They came at the end of the 80s VHS horror era. So which is better, I Was a Teenage Zombie or Ghoul School?
I WAS A TEENAGE ZOMBIE (1987)
This fantastic low-budget mess is a teen horror comedy that needed some serious tightening up to succeed in any of those subgenres, yet still holds an 80s video store rental charm—particularly because the picture looks so rough and the sound is awful. Ah, the good old days.
The plot. A bunch of high school kids gets mixed up with a drug dealer, eventually knocking him into a toxic river during an altercation. He comes back out as a zombie, seeking revenge on them. After one of their friends dies, the kids throw him into the river so he can come back as a zombie to defeat the zombie drug dealer.
The teen angle. The cast, consisting mostly of guys, is a pretty perfect mix of 80s teen stereotypes, there are plenty of high school situations, and there’s a little teen romance thrown in near the end, complete with a high school dance sequence.
Plus, the one leather punk in the group has a big meaty ass packed into some seriously tight 80s jeans.
Careful…you might pull something doing that.
While the guys do take out a drug dealer then steal a dead body, the teen hijinx are sorely lacking. It’s seriously missing that adolescent fun of many 80s teen favorites.
The comedy. This is the film’s biggest weakness by far. I mean…like, I didn’t laugh at anything. It’s just not funny. There’s an attempt to make the zombie drug dealer comical, and he succeeds as an actor in making himself funny through his performance (he’s the highlight of the film), but the comic material is non-existent.
The horror. The only thing holding this aspect of the film back is…well…the film. The horror elements deserve to be surrounded by a much better film. For starters, while the zombie drug dealer is played for laughs and simply has a green-painted face, he’d actually be creepy as fuck if taken out of this film.
The actor (again proving he saved this movie) actually captures the hideous presence of the demons in the film Demons. When he attacks his victims, it’s pretty dang gory, including a scene raping a chick and pushing her legs to her ears until they snap off, as well as a scene in which he completely rips off a dude’s face!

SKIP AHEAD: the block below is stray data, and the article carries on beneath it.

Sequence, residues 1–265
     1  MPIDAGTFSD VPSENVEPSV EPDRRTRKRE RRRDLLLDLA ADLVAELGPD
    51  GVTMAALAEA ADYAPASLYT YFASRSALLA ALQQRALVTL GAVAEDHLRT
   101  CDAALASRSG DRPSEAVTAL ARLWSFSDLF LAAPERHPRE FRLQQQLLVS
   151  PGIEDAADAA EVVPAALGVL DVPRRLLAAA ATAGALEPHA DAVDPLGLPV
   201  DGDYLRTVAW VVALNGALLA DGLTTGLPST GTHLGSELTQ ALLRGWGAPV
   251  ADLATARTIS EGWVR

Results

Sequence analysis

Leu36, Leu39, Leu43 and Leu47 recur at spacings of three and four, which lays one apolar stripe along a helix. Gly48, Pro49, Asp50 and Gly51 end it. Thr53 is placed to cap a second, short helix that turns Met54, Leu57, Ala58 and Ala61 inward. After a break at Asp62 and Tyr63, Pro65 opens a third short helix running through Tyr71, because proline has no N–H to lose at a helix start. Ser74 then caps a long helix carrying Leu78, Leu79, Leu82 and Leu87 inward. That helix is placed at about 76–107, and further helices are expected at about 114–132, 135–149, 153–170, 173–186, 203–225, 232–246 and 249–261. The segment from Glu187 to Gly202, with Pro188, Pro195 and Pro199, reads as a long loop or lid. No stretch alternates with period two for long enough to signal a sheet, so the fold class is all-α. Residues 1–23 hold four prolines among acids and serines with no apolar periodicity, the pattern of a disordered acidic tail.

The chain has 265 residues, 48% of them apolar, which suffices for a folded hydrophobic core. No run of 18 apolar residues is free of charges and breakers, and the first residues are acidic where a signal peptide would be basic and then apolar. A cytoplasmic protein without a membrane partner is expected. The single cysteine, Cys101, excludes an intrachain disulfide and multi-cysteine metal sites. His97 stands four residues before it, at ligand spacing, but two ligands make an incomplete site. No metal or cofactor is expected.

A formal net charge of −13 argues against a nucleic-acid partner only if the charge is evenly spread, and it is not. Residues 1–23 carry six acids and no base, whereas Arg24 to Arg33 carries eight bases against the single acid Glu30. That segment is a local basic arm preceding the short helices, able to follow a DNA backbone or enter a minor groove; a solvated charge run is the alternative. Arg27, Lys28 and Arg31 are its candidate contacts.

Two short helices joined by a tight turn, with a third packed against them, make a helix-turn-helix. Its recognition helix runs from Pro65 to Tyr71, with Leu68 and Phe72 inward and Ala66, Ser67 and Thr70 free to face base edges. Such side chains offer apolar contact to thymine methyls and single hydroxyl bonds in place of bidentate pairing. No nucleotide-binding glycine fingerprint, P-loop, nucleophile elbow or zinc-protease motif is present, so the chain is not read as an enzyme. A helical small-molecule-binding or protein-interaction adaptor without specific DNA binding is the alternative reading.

And when the zombie drug dealer battles the teen zombie at the dance, it turns into some hack ‘n slash fun, including beheading by machete. This actually highlights a huge fault of the film—the teen zombie isn’t created until the last half hour! And he’s a pretty cute 80s teenage zombie for sure.
Considering the film’s title, he should have been in a good portion of the film, complete with comic situations in which his friends try to keep him hidden. It also would have given the character a better opportunity to explore his feelings about being made into a zombie—which is crammed into that last half hour.
The music: One of the major pluses of the film is the totally alternative soundtrack, which includes songs by Dream Syndicate, The Smithereens, The Del Fuegos, Marshall Crenshaw, The Waitresses, Los Lobos, Violent Femmes. And The Fleshtones, who do the theme song.
With such a cutting edge lineup, the movie kind of needed to strive for a John Hughes 80s teen flick level to live up to its soundtrack, but it totally doesn’t.
GHOUL SCHOOL (1990)
Ghoul School is essentially a low budget Demons that takes place in a high school and looks like it was shot in someone’s hometown in the late 80s, so I get all tingly inside when I watch it.
While it seems to get slapped with a “horror comedy” tag, I don’t think the movie is particularly attempting to be one, although maybe it is and just failed as much as I Was a Teenage Zombie. Apparently, there’s a 90-minute cut of Ghoul School, but the DVD release runs only 72 minutes, which is a good thing. It’s the perfect length, and there are a few scenes that still could have been left out. Most notable are completely irrelevant scenes featuring a comedian telling jokes while sitting down in an office. It has nothing to do with the rest of the movie and doesn’t in any way add actual comedy to the mix.
Anyway, the plot has two robbers sneaking into the school’s basement and accidentally releasing some sort of chemical into the school’s water supply. This quickly causes the swim team to turn into demons, including two buff demons in Speedos. Hot.
The demon faces are awesome in a cheap b-movie kind of way, basically looking like someone did a pretty good job of mimicking the makeup from Demons 2 for a Halloween costume.
Meanwhile, there are two geeks—two particularly cute geeks—watching a demon movie in the A/V room. Do they even have A/V rooms anymore?
The geeks soon discover that demons are running amok in the school and tearing people apart with plenty of cheesy good homebrewed gore.
In a moment of total logic, the geeks team up with a heavy metal band to fight the demons–which should have been a requirement of all 80s horror films.
The final battle takes place in the theatre in which the band was rehearsing, giving us a sort of nod to the setting of the original Demons.
As bad as Ghoul School might be, it’s way more entertaining than I Was a Teenage Zombie, has more horror spirit, and a great 80s teen flick vibe. Plus, the studly Speedo demons.
As a bonus, cutie Ivan Sergei of Charmed, horror comedy Vamps, gay film The Opposite of Sex, plus loads of other stuff I would never watch, makes his first film appearance, complete with a mullet.
The DVD also features several short films from that time, including one called “Halloween Tale,” which is my favorite. Forget plot and acting. It’s all about the ghoulish creatures and monsters that terrorize a woman in her dreams on Halloween night. They so perfectly encapsulate the look of 80s horror.